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Flourish at Fifty, Feel Sublime at Sixty

September 15, 2010

Flourish at Fifty, Feel Sublime at Sixty

I attended a meeting this week with a number of people in their fifties and sixties. They spent the earlier part of their lives investing in school, community, and synagogue as their children were growing. Now those children are out of the house. Some at the meeting were retired, others are still working, but all of them had one thing in common. All had asked, in one way or another:

Now that I have given the better part of my life to fulfill the purpose of raising my children, what shall do I do next?

This is a common question in people this age. It may be part of what our culture refers to as the prototypical “mid-life crisis.” What could be defined by some as a crisis, however, could also be viewed as an opportunity. After all, when have you last had time to wonder about what’s next? This is the perfect moment to begin asking yourself: what do I love to do? What have I always wanted to pursue that I never had time to do before? Where can I use my talents and abilities to make a difference?

The answer to “What’s next?” has three parts.

The first part of the answer involves focusing your attention on yourself. For some, this may be new – and perhaps uncomfortable. It is an important step, however. You will find value in asking yourself what you find meaningful and fun. We suggest you explore and participate in these sorts of self-discovery activities, as they will help you re-create yourself and your purpose in life.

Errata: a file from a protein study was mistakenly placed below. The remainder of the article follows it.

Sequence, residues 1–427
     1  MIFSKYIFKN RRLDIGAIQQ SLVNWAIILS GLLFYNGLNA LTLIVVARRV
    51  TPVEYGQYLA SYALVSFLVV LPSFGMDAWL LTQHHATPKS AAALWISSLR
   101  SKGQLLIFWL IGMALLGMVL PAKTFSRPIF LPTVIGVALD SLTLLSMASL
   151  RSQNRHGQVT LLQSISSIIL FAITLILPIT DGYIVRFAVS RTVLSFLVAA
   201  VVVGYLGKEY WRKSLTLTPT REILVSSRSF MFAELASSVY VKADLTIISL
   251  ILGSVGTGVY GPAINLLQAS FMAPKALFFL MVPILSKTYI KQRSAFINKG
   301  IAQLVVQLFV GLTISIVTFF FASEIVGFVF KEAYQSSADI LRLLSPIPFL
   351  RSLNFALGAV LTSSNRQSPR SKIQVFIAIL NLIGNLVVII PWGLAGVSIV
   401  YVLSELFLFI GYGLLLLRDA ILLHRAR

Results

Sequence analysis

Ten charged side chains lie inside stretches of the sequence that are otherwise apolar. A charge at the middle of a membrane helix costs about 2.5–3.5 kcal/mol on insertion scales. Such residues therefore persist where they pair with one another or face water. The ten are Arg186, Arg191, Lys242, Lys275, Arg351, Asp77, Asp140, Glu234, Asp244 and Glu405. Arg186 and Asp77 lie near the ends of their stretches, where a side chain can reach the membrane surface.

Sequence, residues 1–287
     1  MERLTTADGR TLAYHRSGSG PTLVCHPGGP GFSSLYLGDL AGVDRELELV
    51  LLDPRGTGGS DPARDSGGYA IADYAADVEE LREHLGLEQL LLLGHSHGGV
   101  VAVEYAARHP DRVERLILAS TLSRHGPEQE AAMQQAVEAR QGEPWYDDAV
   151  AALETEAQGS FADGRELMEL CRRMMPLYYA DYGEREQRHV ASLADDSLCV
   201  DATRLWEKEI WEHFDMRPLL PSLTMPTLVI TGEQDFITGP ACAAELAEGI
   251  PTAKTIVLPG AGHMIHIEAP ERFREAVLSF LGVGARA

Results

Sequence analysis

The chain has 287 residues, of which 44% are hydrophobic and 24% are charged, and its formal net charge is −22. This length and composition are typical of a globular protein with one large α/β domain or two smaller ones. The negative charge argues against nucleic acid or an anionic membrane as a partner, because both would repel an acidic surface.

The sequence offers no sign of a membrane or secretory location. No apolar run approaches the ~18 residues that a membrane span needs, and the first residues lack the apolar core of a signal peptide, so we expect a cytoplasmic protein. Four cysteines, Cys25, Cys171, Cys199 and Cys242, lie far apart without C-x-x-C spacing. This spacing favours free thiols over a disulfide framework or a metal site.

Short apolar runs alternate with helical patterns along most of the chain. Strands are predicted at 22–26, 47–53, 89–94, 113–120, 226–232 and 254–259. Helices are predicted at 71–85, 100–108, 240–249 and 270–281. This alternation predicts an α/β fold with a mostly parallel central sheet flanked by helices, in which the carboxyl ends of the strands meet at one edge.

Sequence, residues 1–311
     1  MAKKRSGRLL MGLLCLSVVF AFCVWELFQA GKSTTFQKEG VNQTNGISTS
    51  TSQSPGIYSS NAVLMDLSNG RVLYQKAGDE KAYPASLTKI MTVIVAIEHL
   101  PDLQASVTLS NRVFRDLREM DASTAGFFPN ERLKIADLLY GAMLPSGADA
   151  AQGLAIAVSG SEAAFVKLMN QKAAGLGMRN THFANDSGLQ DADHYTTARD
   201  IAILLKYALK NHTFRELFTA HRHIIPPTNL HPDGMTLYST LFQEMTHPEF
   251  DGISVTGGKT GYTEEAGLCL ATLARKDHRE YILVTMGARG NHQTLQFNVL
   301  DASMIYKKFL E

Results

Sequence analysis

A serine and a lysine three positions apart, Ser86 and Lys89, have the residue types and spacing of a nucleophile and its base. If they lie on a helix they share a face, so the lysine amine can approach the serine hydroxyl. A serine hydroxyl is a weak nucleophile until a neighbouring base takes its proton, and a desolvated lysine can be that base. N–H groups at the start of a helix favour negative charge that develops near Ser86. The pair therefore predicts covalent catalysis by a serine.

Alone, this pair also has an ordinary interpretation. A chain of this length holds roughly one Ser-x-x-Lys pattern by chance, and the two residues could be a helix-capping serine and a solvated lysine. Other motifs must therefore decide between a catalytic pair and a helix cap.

Once you have taken possession of yourself, ask yourself where your interests lie, and where you see yourself making a contribution. This is the second step, and it is essential in order to find fulfillment. If you would like assistance with this endeavor, when the Find-Fulfill-Flourish website is ready (probably mid-October) you might want to complete our online Heartisan PathFinder Card Exercise. They will help you assess your own unique responses to these questions.

The third and final step is taking action related to that contribution. Using your answers from the card sort exercise, or from your own personal analysis, create a plan with concrete steps to get involved and get started.

The great sage Hillel said,

If I am not for myself, who will be for me?                                                                                                     If only for myself, what am I?                                                                                                                               And if not now, then when?

Engaging in each of the steps described above will provide you with a new sense of purpose and direction. Fulfillment will come out of knowing, first, what you value; second, discovering where and how you can and would like to make a difference; and third, acting today – even if only by making a list or a phone call – and beginning to make your journey.

Robin Damsky

Robin Damsky is the rabbi of West Suburban Temple Har Zion in Oak Park, Illinois, and co-author of Find-Fulfill-Flourish: Discover Your Purpose with LifePath GPS – a book, tool kit, and workshop series focused on guiding people toward more meaningful and fulfilling lives.

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One Comment leave one →
  1. David K. permalink
    September 16, 2010 9:21 am

    Your older, and (God willing) getting older, readers might be interested in the “Sage-ing; not Age-ing Movement.” One of its founder is Rabbi Zalman Schachter-Shalomi.

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